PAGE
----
• Export Citation
  • 4.

    Jena AB, Khullar D, Ho O, . Sex differences in academic rank in US medical schools in 2014. JAMA 2015;314:11491158.

  • 5.

    Thomas EG, Jayabalasingham B, Collins T, . Gender disparities in invited commentary authorship in 2459 medical journals. JAMA Netw Open 2019;2:e1913682.

    • Crossref
    • PubMed
    • Search Google Scholar
    • Export Citation
  • 6.

    Loder E, Burch R. Underrepresentation of women among authors of invited commentaries in medical journals—where are the female editorialists? JAMA Netw Open 2019;2:e1913665.

    • Crossref
    • PubMed
    • Search Google Scholar
    • Export Citation
  • 7.

    Dalal NH, Chino F, Williamson H, . Mind the gap: gendered publication trends in academic oncology. Int J Radiat Oncol Biol Phys 2019;105(Suppl):E146.

    • Crossref
    • Search Google Scholar
    • Export Citation
  • 8.

    Ahmed AA, Hwang WT, Holliday EB, . Female representation in the academic oncology physician workforce: radiation oncology losing ground to hematology oncology. Int J Radiat Oncol Biol Phys 2017;98:3133.

    • Crossref
    • PubMed
    • Search Google Scholar
    • Export Citation

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Submitted December 11, 2019; accepted for publication April 1, 2020.

Author contributions: Study conception and design: All authors. Data extraction: Dey, Haddadin. Data analysis: Dey. Interpretation and presentation of results: Dey, Green, Bach, Mitchell. Approval of final manuscript: All authors.

Disclosures: Dr. Bach has disclosed that he receives grant/research support from the Laura and John Arnold Foundation; honoraria from the American Society for Health-System Pharmacists, Gilead Pharmaceuticals, WebMD, Goldman Sachs, Morgan Stanley, Defined Health, Vizient, Anthem, Excellus Health Plan, Hematology Oncology Pharmacy Association, Novartis Pharmaceuticals, Janssen Pharmaceuticals, Third Rock Ventures, JMP Securities, Genentech, Mercer, United Rheumatology, Oppenheimer & Co., Inc., Cello Health, Magellan Health, EQRx, America’s Health Insurance Plans, and Oncology Analytics; and consulting fees from Foundation Medicine and Grail. Dr. Mitchell has disclosed that he receives grant/research support from the Conquer Cancer Foundation, which was funded in part by Merck. The remaining authors have disclosed that they have not received any financial consideration from any person or organization to support the preparation, analysis, results, or discussion of this article.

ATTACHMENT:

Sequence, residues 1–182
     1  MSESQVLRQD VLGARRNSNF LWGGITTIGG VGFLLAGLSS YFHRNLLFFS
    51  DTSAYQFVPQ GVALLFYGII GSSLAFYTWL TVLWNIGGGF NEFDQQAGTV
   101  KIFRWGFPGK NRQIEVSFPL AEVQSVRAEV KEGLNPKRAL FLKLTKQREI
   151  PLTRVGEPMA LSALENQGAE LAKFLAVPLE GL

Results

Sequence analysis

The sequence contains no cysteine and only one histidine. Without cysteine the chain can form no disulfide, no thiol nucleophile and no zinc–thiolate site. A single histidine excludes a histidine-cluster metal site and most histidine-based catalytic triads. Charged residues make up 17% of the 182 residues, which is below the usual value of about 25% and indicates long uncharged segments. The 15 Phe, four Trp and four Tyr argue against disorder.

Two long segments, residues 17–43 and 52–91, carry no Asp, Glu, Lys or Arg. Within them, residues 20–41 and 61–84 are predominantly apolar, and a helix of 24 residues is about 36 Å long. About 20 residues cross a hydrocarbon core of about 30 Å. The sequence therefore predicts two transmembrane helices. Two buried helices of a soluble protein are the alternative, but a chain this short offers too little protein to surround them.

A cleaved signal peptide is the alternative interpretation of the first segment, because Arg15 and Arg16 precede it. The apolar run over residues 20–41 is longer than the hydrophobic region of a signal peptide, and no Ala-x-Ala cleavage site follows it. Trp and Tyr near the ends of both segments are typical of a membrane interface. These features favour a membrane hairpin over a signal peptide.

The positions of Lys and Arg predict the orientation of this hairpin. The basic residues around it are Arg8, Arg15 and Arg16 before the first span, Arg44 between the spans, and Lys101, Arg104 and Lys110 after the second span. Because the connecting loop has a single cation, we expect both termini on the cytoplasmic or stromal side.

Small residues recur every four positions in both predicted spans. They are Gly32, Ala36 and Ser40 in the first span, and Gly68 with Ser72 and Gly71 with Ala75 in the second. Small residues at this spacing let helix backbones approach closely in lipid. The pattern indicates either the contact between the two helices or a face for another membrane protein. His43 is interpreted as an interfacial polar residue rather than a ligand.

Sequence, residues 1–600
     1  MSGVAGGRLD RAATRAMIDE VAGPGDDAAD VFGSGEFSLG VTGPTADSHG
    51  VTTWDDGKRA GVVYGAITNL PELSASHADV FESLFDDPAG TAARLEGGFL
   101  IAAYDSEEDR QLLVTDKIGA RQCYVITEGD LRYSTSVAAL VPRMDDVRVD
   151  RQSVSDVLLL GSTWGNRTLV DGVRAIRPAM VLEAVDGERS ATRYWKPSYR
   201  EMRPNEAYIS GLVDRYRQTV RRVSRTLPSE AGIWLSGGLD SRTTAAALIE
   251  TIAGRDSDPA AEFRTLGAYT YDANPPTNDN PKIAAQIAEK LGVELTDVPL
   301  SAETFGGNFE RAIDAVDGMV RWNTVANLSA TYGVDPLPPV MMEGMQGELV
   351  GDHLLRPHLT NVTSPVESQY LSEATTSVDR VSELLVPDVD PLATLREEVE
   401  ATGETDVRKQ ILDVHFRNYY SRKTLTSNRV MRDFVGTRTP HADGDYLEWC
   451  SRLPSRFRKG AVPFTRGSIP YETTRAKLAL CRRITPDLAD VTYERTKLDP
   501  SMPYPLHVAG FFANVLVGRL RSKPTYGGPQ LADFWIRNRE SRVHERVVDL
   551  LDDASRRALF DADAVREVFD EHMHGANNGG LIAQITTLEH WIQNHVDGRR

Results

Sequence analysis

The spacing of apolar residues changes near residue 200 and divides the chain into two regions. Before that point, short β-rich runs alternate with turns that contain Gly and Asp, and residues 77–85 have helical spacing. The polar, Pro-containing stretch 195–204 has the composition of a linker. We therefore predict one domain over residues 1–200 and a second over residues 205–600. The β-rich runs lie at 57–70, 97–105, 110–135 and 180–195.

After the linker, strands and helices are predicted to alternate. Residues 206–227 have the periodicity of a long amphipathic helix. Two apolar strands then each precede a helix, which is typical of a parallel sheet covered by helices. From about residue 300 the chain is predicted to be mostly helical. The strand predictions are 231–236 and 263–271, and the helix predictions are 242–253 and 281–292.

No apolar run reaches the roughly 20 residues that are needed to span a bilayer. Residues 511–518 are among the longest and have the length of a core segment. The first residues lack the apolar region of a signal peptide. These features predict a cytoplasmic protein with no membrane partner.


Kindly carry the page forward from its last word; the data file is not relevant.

Correspondence: Aaron P. Mitchell, MD, MPH, Department of Epidemiology and Biostatistics, Memorial Sloan Kettering Cancer Center, 485 Lexington Avenue, Second Floor, New York, NY 10017. Email: mitchea2@mskcc.org
  • View in gallery

    Percentages of female panelists on NCCN Guidelines Panels from 2013 to 2019.

  • 1.

    Dillmon M, Goldberg JM, Ramalingam SS, . Clinical practice guidelines for cancer care: utilization and expectations of the practicing oncologist. J Oncol Pract 2012;8:350353.

    • Crossref
    • PubMed
    • Search Google Scholar
    • Export Citation
  • 2.

    Green AK, Barrow B, Bach PB. Female representation among US National Comprehensive Cancer Network guideline panel members. Lancet Oncol 2019;20:327329.

  • 3.

    Jagsi R, Guancial EA, Worobey CC, . The “gender gap” in authorship of academic medical literature—a 35-year perspective. N Engl J Med 2006;355:281287.

    • Crossref
    • Search Google Scholar
    • Export Citation
  • 4.

    Jena AB, Khullar D, Ho O, . Sex differences in academic rank in US medical schools in 2014. JAMA 2015;314:11491158.

  • 5.

    Thomas EG, Jayabalasingham B, Collins T, . Gender disparities in invited commentary authorship in 2459 medical journals. JAMA Netw Open 2019;2:e1913682.

    • Crossref
    • PubMed
    • Search Google Scholar
    • Export Citation
  • 6.

    Loder E, Burch R. Underrepresentation of women among authors of invited commentaries in medical journals—where are the female editorialists? JAMA Netw Open 2019;2:e1913665.

    • Crossref
    • PubMed
    • Search Google Scholar
    • Export Citation
  • 7.

    Dalal NH, Chino F, Williamson H, . Mind the gap: gendered publication trends in academic oncology. Int J Radiat Oncol Biol Phys 2019;105(Suppl):E146.

    • Crossref
    • Search Google Scholar
    • Export Citation
  • 8.

    Ahmed AA, Hwang WT, Holliday EB, . Female representation in the academic oncology physician workforce: radiation oncology losing ground to hematology oncology. Int J Radiat Oncol Biol Phys 2017;98:3133.

    • Crossref
    • PubMed
    • Search Google Scholar
    • Export Citation